The Conchologist's Text-book: Embracing the Arrangements of Lamarck and Linnaeus, with a Glossary of Technical Terms. To which is Added a Brief Account of the Mollusca

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A. Fullarton and Company, 1853 - Mollusks - 232 pages
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Page 33 - When it is perfectly formed the shell gapeth open, and the first thing that appeareth is the foresaid lace, or string ; next come the legs of the bird hanging out ; and as it groweth greater, it openeth the shell by degrees, till at length it is all come forth, and hangeth only by the bill ; in short space after it cometh to full maturitie, and falleth into the sea, where it gathereth feathers, and groweth to a fowl bigger than a mallard, and lesser than a goose...
Page 33 - Lancashire call by no other name than a tree-goose, which place aforesaid, and all those parts adjoining, do so much abound therewith, that one of the best is bought for three pence. For the truth hereof, if any doubt, may it please them to repair unto me, and I shall satisfie them by the testimonie of good witnesses.
Page 33 - ... to the shape and form of a bird. When it is perfectly formed the shell gapeth open, and the first thing that appeareth is the...
Page 45 - Thy arts of building from the bee receive; Learn of the mole to plough, the worm to weave; Learn of the little nautilus to sail, Spread the thin oar, and catch the driving gale.
Page 32 - There are found in the North parts of Scotland and the Islands adjacent, called Orchades, certaine trees whereon do grow certaine...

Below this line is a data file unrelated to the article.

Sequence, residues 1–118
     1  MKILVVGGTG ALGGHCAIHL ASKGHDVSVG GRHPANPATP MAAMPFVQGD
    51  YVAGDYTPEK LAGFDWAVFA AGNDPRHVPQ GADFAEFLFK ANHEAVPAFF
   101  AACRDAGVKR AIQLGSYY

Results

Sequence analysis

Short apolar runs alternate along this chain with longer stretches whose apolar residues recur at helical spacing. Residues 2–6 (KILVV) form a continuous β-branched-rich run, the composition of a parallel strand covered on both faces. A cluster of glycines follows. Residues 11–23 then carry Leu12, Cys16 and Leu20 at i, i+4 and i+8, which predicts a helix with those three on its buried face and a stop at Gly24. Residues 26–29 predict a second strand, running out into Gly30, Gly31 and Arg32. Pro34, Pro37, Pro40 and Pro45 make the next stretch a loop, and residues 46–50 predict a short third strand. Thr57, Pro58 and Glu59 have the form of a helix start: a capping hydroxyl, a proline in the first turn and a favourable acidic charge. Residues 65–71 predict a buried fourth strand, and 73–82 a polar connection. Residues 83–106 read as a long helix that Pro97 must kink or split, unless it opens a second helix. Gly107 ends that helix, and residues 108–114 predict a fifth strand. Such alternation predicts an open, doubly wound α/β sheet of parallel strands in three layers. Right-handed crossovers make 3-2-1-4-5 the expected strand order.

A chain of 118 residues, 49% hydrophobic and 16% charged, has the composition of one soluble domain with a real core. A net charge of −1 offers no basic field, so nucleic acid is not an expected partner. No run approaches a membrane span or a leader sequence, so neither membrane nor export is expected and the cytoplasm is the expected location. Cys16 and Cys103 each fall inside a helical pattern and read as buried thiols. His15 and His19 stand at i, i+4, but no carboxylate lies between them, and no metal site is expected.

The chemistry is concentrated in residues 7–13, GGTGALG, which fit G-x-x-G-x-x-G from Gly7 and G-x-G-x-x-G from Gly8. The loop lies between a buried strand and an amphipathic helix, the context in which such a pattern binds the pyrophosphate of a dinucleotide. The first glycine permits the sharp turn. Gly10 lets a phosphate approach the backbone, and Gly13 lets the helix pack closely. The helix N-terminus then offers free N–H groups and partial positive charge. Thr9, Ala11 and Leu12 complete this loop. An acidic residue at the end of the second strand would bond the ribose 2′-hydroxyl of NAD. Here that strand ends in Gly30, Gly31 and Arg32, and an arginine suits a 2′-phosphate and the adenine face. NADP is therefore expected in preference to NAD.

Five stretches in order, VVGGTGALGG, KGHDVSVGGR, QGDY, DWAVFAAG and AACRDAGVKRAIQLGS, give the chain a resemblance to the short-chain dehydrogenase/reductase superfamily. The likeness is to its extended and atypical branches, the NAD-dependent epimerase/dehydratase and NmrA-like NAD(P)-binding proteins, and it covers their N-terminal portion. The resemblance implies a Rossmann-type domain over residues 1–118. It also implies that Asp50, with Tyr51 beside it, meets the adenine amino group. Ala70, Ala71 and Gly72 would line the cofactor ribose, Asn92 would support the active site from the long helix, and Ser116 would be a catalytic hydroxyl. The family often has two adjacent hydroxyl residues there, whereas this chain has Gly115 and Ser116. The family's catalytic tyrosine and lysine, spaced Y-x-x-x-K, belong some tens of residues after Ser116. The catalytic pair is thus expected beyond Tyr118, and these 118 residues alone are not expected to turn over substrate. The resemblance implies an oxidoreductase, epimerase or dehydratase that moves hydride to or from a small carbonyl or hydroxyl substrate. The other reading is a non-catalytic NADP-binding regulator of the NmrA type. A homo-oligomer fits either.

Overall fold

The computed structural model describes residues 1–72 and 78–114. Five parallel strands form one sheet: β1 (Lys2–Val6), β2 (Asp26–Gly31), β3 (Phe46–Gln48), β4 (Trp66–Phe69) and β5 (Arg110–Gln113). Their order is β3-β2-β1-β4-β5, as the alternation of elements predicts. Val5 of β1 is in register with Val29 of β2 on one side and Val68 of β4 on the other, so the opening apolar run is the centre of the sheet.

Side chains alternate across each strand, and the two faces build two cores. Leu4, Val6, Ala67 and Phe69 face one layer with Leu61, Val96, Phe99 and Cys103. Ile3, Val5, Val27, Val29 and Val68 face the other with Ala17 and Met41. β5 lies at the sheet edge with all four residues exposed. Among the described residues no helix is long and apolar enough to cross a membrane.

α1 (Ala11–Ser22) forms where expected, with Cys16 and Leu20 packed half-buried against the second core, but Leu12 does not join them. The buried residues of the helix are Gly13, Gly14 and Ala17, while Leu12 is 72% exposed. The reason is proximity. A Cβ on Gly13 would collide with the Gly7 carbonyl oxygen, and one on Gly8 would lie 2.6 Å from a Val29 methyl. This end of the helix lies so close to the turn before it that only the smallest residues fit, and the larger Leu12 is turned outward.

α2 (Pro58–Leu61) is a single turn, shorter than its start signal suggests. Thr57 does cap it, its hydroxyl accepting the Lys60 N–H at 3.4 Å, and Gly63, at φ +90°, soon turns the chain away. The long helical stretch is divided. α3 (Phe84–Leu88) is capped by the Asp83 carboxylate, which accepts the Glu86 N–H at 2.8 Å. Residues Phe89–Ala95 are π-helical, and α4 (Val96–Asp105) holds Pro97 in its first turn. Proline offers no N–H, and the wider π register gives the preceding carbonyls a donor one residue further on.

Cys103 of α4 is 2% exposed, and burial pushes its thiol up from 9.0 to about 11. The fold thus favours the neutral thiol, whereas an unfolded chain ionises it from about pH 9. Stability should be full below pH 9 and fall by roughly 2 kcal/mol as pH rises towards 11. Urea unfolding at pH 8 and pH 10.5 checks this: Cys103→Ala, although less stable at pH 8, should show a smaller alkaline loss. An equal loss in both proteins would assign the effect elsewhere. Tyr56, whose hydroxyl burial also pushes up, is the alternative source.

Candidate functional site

Page 32 - ... we call Barnakles, in the north of England Brant Geese, and in Lancashire tree Geese ; but the other that do fall upon the land, perish and come to nothing : thus much by the writings of others, and also from the mouths of people of those parts, which may very well accord with truth.
Page 42 - ... hinge : one of the valves often perforated near the base: hinge with a linear, prominent cicatrix, and a lateral tooth placed within, but in the flat valve, on the very margin : two bony rays for the lass of the animal.
Page 33 - Pie-Annet, which the people of Lancashire call by no other name than a tree goose...
Page viii - we are taught that innumerable beings have lived, of which not one of the same kind does any longer exist — that immense beds composed of the spoils of these animals, extending for many miles underground, are met with in many parts of the globe — that enormous chains of mountains, which seem to load the surface of the earth, are vast monuments, in which these remains of former ages are entombed...
Page 33 - ... and also the trunks and bodies with the branches of old and rotten trees, cast up there likewise; whereon is found a certain spume or froth that in time breedeth...

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